Although entirely soft bodied, most species of Osedax bore into whale bone [25], [41] and these borings have the potential to be recognized in the fossil record as a proxy for Osedax [98]. Indeed, recently borings in Oligocene (~30 Ma) whale bones from Washington, USA have been interpreted as Osedax borings [99]. If correct this would constitute the oldest fossil record of this clade and the age is roughly the same as the first major radiation of whales, which strengthens the idea of an evolutionary link between Osedax and its main modern substrate [42].

How did siboglinids evolve?

Adaptation 1: habitat and endosymbiosis.

Insights into how siboglinids evolved can initially be derived from examining where these organisms live and commonalities in the physical and chemical parameters of those habitats. The hydrothermal vent habitat of many vestimentiferans is often characterised as an ‘extreme environment’, where organisms must live on the side of mineralized hydrothermal chimneys in which hydrogen sulphide enriched fluids emanate at temperatures of up to 400°C. However, not all vents are like this, in particular many are characterised by more diffuse flow regimes and lower temperatures. In some cases, fluid flow may be through sediments and the organisms that are normally found on hard substrates must cope with this sedimentation. At cold seeps, siboglinids are almost always living within a sedimented environment, although hard substrates do form through carbonate precipitation. Frenulates are also found in sedimented environments, in the anoxic muds beneath organically-enriched regions, although sulphide levels are generally lower than at vents and seeps. Finally, Osedax are found living on whale bones which may or may not be sitting on the sediment.

An important commonality in all these habitats is a reduction-oxidation (REDOX) boundary. Living at the REDOX boundary, vent, seep and anoxic mud siboglinids fuel their bacterial symbionts with oxygen, sulphide and carbon dioxide via some unique adaptations to their circulatory system [45]. Bacterial symbionts then fix CO2 into organic molecules using sulphide as the energy source [100], [101]. At the strange whale-bone habitat of Osedax, less is known about the chemical milieu; the bacterial endosymbiosis and the nutritional pathways are not yet fully understood. Nevertheless, a REDOX boundary and high levels of sulphide are also present at whale bones [102].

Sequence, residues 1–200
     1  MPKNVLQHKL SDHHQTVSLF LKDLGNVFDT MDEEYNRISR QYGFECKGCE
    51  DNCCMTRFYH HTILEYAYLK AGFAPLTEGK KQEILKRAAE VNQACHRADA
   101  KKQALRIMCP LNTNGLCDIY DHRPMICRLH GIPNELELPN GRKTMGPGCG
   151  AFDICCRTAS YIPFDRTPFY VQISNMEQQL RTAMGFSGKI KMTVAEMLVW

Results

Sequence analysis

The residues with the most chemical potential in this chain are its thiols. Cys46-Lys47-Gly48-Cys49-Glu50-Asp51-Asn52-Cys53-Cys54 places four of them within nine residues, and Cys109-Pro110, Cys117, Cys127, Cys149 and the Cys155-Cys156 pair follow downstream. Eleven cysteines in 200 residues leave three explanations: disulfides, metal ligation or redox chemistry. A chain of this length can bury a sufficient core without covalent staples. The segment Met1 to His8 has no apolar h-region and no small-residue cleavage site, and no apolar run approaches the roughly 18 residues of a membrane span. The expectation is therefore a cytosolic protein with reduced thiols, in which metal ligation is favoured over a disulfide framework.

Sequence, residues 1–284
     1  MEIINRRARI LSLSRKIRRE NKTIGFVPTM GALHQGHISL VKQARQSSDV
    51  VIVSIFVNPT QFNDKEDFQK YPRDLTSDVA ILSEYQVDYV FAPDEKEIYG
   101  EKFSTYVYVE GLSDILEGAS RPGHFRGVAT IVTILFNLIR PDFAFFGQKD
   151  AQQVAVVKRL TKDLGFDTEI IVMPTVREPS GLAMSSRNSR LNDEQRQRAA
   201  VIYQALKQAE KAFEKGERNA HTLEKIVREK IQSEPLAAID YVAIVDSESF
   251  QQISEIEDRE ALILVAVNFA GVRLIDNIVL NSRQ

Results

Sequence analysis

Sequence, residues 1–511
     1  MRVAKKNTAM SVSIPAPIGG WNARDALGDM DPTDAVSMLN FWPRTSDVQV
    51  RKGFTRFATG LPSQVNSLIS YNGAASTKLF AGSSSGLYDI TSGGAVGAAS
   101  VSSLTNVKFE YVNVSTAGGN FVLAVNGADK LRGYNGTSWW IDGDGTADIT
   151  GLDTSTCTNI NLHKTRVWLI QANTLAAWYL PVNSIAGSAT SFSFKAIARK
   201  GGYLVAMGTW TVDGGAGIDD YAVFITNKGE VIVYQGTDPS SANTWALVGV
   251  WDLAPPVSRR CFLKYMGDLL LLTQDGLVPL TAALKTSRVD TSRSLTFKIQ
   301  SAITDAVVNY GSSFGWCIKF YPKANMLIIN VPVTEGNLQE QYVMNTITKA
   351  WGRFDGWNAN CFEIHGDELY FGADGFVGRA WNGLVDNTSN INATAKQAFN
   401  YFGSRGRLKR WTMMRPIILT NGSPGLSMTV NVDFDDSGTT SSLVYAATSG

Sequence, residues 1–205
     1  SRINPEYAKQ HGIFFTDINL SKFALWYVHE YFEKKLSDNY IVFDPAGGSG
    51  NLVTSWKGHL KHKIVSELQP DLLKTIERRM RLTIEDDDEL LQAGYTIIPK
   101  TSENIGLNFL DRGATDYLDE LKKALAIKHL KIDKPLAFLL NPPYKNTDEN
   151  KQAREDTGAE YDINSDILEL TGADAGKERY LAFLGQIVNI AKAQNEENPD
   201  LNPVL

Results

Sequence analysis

Siboglinids living in different environments have evolved adaptations to exploit differences in food and sulphide (or in some cases methane) availability. Whereas vestimentiferans living on hydrothermal vent chimneys absorb sulphide through a branchial plume that extends up to 2 m into the water column [103], vestimentiferans living in cold seeps obtain sulphide from the sediment, across the wall of the buried tube [104] (Figure 6). Frenulates, notwithstanding some exceptions, are found mainly in organic-rich, reduced sediments. Because frenulates can transport dissolved organic matter across their tube and body wall [105], sulphide is presumably transported across the thin tube that is buried in the sediment, but data supporting this are scarce. In the case of the frenulate Siboglinum poseidoni, methanogenesis is reported [106]. Sulphide levels or uptake location have not yet been investigated for Sclerolinum species, and for Osedax, the current evidence suggests that the endosymbionts are consuming collagen or lipids directly from bones rich in these energy sources [54].


Figure 6. Sources of sulphide and respiratory pathways at contrasting habitats in siboglinid tubeworms.

At hydrothermal vents, sulphide is produced through the inorganic reaction of sulphate with geothermal energy. By contrast, sulphide has a microbial origin at cold seeps, organic-rich sediments, and whale-falls. At cold seeps, the source of sulphide is the anaerobic oxidation of methane coupled to sulphate reduction. At organic-rich sediments, sulphide is produced during the anaerobic degradation of a range of organic compounds. At whale-falls, although sulphide is produced, Osedax worms are thought to rely only on heterotrophic digestion of bone by the endosymbionts. The trophosome (light grey) houses endosymbiotic bacteria (orange ovals). White open circles represent methane and hydrocarbon seepage. Full arrow = reaction, dashed arrow = diffusion, and dotted arrow = acquisition or excretion by the host/symbiont.


A crucial adaptation in the evolution of siboglinids appears to be a unique circulatory system that allows these chemicals to be delivered to the symbionts. Sulphide and oxygen are transported from the site of uptake (e.g. the branchial plumes or body walls) via haemoglobin molecules that are freely dissolved in their blood or in the coelomic fluid surrounding the blood vessels [107][109]. These haemoglobin molecules exhibit some unique properties. Three and two types of haemoglobin have been identified in vestimentiferans [109] and Sclerolinum [110], respectively. One is a hexagonal bilayer haemoglobin (HBL-Hb) that is capable of binding oxygen and sulphide simultaneously and reversibly [100], [109], enabling the animals to transport and store both substances in large quantities while minimizing autoxidation and toxic effects [19]. A second type of haemoglobin detected in Siboglinidae is a ring-Hb that has been found in Vestimentifera, Sclerolinum, and Frenulata. Although sulphide binding has not been demonstrated for the ring-Hb, it has an extremely high affinity for oxygen [107], [110], [111] that enables the worm to take up and transport large amounts of oxygen while maintaining low internal dissolved O2.